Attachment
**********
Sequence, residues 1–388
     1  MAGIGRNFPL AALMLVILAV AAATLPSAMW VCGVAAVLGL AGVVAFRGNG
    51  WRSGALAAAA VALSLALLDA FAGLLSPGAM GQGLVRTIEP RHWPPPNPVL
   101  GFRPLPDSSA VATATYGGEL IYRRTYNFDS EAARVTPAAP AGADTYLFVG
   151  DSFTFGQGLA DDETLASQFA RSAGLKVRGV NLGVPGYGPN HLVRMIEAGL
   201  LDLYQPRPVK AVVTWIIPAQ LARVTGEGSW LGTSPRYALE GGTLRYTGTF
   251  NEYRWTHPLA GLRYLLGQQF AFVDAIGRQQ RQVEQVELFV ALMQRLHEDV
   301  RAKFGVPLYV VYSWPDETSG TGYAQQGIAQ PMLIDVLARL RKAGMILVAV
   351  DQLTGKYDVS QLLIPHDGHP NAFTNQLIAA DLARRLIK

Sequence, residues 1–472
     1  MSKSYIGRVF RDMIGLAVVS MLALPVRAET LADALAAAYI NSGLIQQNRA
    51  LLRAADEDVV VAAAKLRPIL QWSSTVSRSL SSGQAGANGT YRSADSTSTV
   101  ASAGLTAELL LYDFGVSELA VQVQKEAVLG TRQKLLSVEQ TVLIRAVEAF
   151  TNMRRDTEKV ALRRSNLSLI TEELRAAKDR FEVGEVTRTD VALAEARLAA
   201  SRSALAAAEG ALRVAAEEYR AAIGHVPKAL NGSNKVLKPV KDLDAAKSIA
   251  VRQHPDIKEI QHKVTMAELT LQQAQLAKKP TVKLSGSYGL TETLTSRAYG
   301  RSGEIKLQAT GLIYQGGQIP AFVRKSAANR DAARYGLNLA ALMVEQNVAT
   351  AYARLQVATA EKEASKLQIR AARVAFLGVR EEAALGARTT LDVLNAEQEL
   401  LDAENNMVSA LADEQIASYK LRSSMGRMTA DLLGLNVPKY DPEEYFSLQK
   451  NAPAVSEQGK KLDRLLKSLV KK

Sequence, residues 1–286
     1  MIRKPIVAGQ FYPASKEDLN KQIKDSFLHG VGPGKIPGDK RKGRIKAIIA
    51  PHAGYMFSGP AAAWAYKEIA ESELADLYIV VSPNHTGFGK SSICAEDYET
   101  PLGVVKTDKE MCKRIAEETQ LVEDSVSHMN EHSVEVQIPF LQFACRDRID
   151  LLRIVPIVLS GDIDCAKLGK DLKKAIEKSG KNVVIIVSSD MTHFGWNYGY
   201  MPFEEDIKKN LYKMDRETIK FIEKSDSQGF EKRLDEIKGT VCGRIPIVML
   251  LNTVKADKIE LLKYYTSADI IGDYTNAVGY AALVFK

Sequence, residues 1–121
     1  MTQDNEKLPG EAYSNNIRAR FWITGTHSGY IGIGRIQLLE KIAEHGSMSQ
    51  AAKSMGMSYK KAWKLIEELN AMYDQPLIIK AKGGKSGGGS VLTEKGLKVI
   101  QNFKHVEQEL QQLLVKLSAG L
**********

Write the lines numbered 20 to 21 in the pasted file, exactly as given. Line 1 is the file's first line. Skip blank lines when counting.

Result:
   451  NAPAVSEQGK KLDRLLKSLV KK

Sequence, residues 1–286